Students will write a story about how a drop of water may have traveled to arrive at the school. In addition, they will design a presentation on the water cycle.
Main Curriculum Tie:
Science - 4th Grade
Standard 1 Objective 2
Describe the water cycle.
- Map of Utah (pdf)
- Map of Japan (pdf) - optional
- Map of China (pdf) - optional
- Journal or writing paper
- Narrative story (e.g. The
Drop of Water)
- Use a science journal to
make a six-frame
- Crayons, colored
pencils, or markers
- The Search for the Water Cycle, available through the Living Planet
Aquarium, 522 S. 400 W. Suite 200, Salt Lake City, UT 84101,
- The Comprehensive Water Education Book (1994 edition), available
through Utah State University in Logan, Utah 84322
- A Drop Around The World, by Barbara Shaw McKinney (1998);
- The Magic School Bus: At the Waterworks, by Joanna Cole (1988);
- Central Utah Water Conservancy District
355 West University Parkway
Orem, Utah 84058
Background For Teachers:
The purpose of this activity is to help students discover the actual
locations that hold water as it passes through the water cycle. The whole
process begins with the sun. It is the sunís heat that causes evaporation
to occur. Water changes from its liquid state, like an ocean, and becomes
an invisible vapor that rises. As the water condenses, we see it as clouds
in the atmosphere. Depending on the temperature, humidity and other
factors, the water can form different types of precipitation such as rain,
snow, or hail. This water then collects in streams, rivers, lakes, and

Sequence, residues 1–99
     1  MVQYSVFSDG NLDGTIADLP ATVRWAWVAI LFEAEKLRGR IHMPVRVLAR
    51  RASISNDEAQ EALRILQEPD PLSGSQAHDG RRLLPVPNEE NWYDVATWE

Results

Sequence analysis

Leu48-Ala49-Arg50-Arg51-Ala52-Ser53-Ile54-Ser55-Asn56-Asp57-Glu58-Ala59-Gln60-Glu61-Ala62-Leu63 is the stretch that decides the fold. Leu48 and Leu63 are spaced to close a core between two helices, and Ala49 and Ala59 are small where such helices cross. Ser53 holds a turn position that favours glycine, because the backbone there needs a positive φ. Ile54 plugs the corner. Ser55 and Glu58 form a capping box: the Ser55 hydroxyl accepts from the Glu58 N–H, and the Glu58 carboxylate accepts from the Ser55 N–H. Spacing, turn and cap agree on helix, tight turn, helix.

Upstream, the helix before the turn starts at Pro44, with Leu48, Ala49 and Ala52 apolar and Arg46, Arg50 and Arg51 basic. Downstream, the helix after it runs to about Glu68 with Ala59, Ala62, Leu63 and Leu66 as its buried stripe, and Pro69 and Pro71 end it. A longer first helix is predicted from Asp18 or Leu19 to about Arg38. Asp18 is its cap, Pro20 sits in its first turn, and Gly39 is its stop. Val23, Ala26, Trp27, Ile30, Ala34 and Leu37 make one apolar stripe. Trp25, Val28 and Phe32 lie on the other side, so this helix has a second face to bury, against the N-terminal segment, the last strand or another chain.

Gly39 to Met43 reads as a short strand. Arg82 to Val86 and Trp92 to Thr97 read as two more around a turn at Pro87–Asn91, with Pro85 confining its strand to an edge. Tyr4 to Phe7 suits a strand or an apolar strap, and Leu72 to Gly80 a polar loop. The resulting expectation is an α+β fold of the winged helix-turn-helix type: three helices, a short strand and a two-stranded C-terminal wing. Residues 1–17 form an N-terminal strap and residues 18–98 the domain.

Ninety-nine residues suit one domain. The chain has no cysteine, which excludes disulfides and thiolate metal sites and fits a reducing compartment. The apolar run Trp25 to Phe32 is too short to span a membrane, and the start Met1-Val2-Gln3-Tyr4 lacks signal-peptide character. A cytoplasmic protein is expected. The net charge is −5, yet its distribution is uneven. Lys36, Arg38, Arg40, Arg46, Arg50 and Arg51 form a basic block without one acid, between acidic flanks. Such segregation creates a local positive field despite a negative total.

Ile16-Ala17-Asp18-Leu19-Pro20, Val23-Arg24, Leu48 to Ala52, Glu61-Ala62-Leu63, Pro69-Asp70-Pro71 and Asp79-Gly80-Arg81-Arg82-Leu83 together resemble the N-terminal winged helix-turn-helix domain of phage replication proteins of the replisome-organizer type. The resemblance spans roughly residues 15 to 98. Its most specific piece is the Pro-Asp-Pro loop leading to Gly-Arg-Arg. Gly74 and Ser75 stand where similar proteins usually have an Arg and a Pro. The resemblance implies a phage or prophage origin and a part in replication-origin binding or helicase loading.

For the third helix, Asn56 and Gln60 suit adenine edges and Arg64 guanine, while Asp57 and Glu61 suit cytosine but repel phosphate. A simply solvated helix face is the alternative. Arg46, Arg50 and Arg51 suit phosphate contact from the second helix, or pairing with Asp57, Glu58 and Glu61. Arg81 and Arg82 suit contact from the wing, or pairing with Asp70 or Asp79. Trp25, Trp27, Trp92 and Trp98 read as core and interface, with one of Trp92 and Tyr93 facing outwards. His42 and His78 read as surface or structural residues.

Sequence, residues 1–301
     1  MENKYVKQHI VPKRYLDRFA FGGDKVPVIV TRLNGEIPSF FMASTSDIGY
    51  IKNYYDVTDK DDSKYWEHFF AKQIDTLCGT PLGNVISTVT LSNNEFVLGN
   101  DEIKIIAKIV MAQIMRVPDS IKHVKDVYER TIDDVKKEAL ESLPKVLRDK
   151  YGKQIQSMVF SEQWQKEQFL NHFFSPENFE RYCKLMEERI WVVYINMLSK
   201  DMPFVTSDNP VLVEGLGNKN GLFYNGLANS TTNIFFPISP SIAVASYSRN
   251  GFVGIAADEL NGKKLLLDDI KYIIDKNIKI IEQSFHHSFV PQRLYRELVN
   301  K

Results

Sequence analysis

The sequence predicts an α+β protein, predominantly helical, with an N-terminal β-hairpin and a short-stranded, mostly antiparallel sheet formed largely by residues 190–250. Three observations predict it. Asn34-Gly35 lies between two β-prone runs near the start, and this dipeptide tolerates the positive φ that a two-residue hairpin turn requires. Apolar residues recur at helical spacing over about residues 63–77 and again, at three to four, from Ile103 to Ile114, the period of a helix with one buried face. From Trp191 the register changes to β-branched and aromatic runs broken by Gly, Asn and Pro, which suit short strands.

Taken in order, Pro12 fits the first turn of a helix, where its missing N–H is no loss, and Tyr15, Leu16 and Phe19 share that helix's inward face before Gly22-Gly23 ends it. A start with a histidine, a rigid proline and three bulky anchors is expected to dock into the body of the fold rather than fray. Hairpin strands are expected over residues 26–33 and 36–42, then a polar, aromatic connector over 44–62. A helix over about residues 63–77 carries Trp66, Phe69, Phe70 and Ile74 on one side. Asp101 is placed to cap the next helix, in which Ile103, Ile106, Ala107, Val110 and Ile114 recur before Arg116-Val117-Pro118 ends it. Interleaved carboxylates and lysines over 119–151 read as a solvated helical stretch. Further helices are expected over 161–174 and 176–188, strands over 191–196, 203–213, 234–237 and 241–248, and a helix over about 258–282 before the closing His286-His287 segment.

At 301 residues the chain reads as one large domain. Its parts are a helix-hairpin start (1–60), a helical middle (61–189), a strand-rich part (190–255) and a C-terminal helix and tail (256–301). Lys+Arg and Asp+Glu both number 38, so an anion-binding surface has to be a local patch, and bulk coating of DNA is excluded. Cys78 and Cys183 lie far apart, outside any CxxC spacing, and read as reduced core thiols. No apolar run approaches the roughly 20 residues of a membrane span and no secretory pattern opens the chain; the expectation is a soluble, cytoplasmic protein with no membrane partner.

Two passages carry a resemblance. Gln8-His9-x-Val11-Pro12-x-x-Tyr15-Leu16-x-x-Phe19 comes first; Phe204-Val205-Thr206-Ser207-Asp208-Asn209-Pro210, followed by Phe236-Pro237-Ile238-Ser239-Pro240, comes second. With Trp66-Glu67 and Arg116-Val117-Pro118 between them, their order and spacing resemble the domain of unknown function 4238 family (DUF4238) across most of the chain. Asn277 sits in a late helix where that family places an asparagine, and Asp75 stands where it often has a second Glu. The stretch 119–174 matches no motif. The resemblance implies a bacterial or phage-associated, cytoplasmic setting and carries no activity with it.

oceans. Some water also seeps into the ground and collects there. Water
is also found in its solid state in the form of glaciers, near the polar
regions of Earth and in snowpack conditions of high elevations for
portions of the year.
Intended Learning Outcomes:
2. Manifest Scientific Attitudes and Interests
4. Communicate Effectively Using Science Language and Reasoning
Invitation to Learn
Ask: Have you ever taken a cold drink of water and wondered where
it came from? Where do you think it came from? How did it get to our
- Read a sample narrative story about a droplet of water
(e.g., The Drop of Water, by Donald R. Daugs in The
Comprehensive Water Education Book).
- Distribute maps of Utah.
- Discuss major lakes, rivers, and mountain ranges found close to
- Distribute journals or writing paper.
- Have the students write a story about how a drop of water may
have traveled to arrive at the school. The story should include
specific names of mountains, lakes, and rivers it could have
been held in.
- Use their science journal pages to design a six-frame template
for a presentation on the water cycle.
- Assign the students to write in the following titles for each
frame: Title, The Sun, Evaporation, Condensation,
- Have the students illustrate each frame. This can be done with
any media available.
- Students could do another water story with a setting in another
part of the world, such as Japan or China.
- A water story could be prepared in advance with blanks for
students to fill in the names of the mountains, oceans, rivers, etc.
- Students with computer access could design a multimedia
presentation of the water cycle or their water story.
- Use a digital or 35 mm camera to take pictures of the sun (use
caution when viewing the sun), clouds, mountains, lakes, rivers,
etc. These can be assembled in a water cycle poster or made into
a multimedia presentation.
- Find out ways that you can help conserve water in your
community and at home.
- Take a family fieldtrip to the local water treatment plant or water
- The stories that the students write can be collected and evaluated.
- The six-frame presentation design can be assessed.
Created Date :
Oct 15 2004 09:08 AM